I see too many public highways planted with a few small fruit trees that succumb to vandalism or die when they reach the end of their lives. One by one they are taken out and before you know it the planting pits are filled in and the street becomes treeless.

Trees with greater life expectancies can conceivably exist for hundreds of years, with or without management. Longer lived trees can be interspersed with short term trees to provide diversity but the longer lived specimens will provide a legacy for the future.

Where would we be today if the Victorians had not thought big in their tree planting schemes? Granted their motivation was different however what greater reason can we have for planting trees then to help cleanse out air, regulate our temperatures and keep the birds and beasts in our environment?

So the next time you get to plant a tree, be bold and think big!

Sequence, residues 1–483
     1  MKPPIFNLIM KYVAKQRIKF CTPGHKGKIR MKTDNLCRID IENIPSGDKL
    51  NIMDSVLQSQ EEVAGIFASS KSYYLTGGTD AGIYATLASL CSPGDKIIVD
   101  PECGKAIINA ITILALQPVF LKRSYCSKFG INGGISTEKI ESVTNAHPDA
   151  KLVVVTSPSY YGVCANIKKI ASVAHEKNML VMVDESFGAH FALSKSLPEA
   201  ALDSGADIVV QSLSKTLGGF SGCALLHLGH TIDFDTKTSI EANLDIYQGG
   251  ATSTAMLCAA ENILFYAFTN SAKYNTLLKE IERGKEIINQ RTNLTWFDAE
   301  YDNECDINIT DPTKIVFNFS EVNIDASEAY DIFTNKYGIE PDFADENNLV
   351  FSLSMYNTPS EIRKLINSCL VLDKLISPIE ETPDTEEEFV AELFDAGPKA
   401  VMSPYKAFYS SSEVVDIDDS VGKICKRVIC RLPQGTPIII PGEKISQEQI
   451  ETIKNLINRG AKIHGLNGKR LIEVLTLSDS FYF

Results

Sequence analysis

Image Credits: BoreMe, Francais 227, NYUEDU,

To see other Blog Action Day posts on Climate Change click here.

Saturday, 26 September 2009

Blog Action Day 2009 - 15th October, Climate Change

The 15th October 2009 is Blog Action Day, powered by In their words:

‘Blog Action Day is an annual event that unites the world's bloggers in posting about the same issue on the same day on their own blogs with the aim of sparking discussion around an issue of global importance. Blog Action Day 2009 will be the largest-ever social change event on the web. One day. One issue. Thousands of voices.’

I have taken part in Blog Action Day for a couple of years now along with my Sister and Mum and it really is an amazing event. This year’s topic is climate change.

I have begun to notice over the past few years while attending seminars and courses that we can be very good at getting together, uniting to a cause and planning action however a period of time elapses, nothing happens and then before you know it we are all sitting there again discussing the same issues and noticing that we didn’t actually take any action.